8-9:45pm EST (Live online) This opportunity is 2 CMTE credits. There is no upper limit to the number of credits that can be earned. Professional growth and development are important ongoing aspects of the career of a music therapist. Discussions will involve clinical challenges, exploration of participants' feelings and reactions to work with clients, and professional accountability. This training is applicable for all music therapists and educators, regardless of theoretical orientation, focus of clinical population, or age range of clients. New MT-BCs: While our groups are open to all MT-BCs, we occasionally have a designated group for those new to working in the field. The goal of Facilitated Peer Supervision for New Professionals is to assist music therapists in finding support among their peers, and mentors in the music therapy community. The main objective of the group is to positively support individuals in starting their professional career, and to have a place to discuss any difficulties in a confidential and nurturing environment. It has long been recognized that the first few years of a music therapist’s practice dictate many aspects of their entire professional career, such as population(s) served and additional certifications/education attained. Therefore, music therapists who are new to the field are highly encouraged to seek supervision in order to develop the characteristics and skills needed to have a promising and fulfilling career. Discussion topics may include: interactions with other professionals, ethics, boundaries, appropriate use of specific interventions, etc. Ideally, participants will bring their own personal questions and discussion topics to the peer supervision session. Learning Objectives: 1. Participants will be able to identify and examine at least one ethical issue that may arise in the therapeutic relationship. [IIIA1a-g; V.B.2; V.B.10] 2. Participants will be able to discuss and explore at least two characteristics of their own feelings and reactions to their work with clients. [III.A.1.f; V.B.11; V.B.12] 3. Participants will be able to contribute at least one offering to discussions about self-knowledge of the therapeutic process and the therapeutic relationship. [IIIA1a-g; V.B.9] Statement of relationship to CBMT: Facilitated Peer Supervision is approved by the Certification Board of Music Therapists (CBMT) for 2 Continuing Music Therapy Education credits (CMTEs). Tempo! Music Therapy Services, P-127, maintains responsibility for program quality and adherence to CBMT policies and criteria. Statement of confidentiality: Participating in a peer supervision group in a web-based format can provide a convenient venue for music therapists to access feedback and support. Due to the nature of the topic, we expect all participants to maintain strict confidence, access the password-protected online group from a secure location, and to not share the password or web address with anyone. Location: Online (video conferencing) Time/Dates: See our calendar for current dates Instructor: Tori Conicello-Emery Cost: Regular: $25/opportunity Full-Time Student/Intern: $10/opportunity Tempo Staff/WCU Clinical Supervisors: Free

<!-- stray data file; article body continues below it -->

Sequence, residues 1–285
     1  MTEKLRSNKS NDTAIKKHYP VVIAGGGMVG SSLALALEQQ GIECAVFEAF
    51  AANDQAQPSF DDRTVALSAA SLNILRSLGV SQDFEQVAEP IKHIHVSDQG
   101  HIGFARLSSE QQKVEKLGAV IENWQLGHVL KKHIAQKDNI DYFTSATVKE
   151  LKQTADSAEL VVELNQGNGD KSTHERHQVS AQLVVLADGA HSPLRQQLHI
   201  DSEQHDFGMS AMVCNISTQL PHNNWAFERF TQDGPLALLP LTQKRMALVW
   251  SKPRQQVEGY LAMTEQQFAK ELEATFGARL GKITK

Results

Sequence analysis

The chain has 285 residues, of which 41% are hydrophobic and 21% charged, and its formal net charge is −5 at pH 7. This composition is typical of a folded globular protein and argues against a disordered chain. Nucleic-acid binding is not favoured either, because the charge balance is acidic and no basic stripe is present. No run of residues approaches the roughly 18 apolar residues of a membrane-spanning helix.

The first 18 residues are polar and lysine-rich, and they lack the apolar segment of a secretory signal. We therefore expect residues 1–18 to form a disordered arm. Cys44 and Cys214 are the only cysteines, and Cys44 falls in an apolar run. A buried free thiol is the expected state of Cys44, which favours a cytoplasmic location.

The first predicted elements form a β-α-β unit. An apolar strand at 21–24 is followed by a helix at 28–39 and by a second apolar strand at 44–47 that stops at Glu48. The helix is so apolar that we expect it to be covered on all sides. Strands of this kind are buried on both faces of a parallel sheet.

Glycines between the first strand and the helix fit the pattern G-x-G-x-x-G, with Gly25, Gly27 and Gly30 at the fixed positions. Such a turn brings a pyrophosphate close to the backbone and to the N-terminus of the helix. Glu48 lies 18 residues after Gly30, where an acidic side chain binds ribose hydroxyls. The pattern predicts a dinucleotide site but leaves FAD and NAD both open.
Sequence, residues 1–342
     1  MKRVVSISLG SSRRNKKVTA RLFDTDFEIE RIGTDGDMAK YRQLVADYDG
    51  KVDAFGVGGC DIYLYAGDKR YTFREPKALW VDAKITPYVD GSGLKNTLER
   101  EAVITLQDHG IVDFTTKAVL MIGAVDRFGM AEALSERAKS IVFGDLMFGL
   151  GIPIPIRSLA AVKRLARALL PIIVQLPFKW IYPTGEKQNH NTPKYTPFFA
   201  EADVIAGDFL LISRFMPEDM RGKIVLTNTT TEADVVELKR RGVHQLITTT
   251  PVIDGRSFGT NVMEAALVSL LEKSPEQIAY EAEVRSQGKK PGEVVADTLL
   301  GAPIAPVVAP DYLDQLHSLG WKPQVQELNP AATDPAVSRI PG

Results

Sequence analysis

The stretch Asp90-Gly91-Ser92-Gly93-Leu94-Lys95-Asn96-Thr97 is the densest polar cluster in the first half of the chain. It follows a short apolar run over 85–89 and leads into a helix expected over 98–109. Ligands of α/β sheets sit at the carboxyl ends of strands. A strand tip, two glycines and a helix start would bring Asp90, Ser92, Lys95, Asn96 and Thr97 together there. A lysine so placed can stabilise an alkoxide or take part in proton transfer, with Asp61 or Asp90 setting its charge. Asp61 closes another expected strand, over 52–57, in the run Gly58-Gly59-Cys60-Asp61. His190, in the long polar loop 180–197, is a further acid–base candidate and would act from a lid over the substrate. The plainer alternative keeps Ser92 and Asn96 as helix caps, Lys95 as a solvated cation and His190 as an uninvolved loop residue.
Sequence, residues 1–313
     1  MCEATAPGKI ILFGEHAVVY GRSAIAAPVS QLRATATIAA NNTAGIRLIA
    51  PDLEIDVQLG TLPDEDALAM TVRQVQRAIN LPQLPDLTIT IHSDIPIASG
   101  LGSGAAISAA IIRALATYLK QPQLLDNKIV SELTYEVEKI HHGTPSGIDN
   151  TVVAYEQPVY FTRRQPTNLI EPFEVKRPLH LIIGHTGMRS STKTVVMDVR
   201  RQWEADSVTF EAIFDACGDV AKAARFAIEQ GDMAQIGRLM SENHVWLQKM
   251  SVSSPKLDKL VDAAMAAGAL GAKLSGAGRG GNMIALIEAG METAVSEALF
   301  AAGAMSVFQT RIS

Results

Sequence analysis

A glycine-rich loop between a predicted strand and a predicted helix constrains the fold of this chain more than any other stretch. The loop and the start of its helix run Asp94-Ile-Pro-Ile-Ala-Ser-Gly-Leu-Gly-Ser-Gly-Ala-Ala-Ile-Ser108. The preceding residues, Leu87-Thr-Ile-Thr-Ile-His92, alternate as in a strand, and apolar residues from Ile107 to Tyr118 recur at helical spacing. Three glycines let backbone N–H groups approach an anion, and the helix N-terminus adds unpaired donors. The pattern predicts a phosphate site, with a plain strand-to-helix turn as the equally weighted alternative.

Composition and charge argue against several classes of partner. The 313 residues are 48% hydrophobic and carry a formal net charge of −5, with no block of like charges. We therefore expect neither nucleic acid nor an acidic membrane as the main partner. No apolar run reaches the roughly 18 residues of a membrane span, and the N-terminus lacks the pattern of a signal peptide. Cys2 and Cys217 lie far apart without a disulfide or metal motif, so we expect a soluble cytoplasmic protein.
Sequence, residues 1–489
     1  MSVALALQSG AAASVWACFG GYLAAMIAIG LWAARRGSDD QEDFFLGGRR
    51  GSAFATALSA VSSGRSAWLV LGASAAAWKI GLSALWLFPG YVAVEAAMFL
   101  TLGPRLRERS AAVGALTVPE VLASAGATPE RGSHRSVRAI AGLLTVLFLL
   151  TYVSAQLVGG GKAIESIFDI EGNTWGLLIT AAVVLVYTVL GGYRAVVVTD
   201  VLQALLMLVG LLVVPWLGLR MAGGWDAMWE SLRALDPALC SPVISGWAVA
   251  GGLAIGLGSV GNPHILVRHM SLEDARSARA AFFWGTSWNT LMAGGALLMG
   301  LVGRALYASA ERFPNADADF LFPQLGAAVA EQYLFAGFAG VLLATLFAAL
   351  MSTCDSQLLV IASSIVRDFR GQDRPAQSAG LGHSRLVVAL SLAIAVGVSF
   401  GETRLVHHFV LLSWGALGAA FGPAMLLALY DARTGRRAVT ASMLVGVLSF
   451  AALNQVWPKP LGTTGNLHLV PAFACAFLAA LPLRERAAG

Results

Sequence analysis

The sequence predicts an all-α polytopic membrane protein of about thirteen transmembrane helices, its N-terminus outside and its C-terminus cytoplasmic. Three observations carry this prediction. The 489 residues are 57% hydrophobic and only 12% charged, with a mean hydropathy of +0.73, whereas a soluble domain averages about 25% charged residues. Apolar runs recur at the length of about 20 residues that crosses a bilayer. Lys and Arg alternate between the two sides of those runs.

Individual Tele-Music Therapy with Young Children: The Importance of the Therapist-Caregiver Relationship